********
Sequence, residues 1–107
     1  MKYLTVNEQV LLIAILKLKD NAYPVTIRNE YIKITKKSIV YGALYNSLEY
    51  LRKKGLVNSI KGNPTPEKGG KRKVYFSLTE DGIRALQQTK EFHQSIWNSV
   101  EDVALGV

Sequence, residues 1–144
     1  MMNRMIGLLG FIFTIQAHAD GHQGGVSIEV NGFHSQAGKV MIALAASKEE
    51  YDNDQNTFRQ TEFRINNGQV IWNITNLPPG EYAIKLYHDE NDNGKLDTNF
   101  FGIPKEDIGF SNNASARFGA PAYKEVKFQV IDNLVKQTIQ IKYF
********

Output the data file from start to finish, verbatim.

Sequence, residues 1–107
     1  MKYLTVNEQV LLIAILKLKD NAYPVTIRNE YIKITKKSIV YGALYNSLEY
    51  LRKKGLVNSI KGNPTPEKGG KRKVYFSLTE DGIRALQQTK EFHQSIWNSV
   101  EDVALGV

Sequence, residues 1–144
     1  MMNRMIGLLG FIFTIQAHAD GHQGGVSIEV NGFHSQAGKV MIALAASKEE
    51  YDNDQNTFRQ TEFRINNGQV IWNITNLPPG EYAIKLYHDE NDNGKLDTNF
   101  FGIPKEDIGF SNNASARFGA PAYKEVKFQV IDNLVKQTIQ IKYF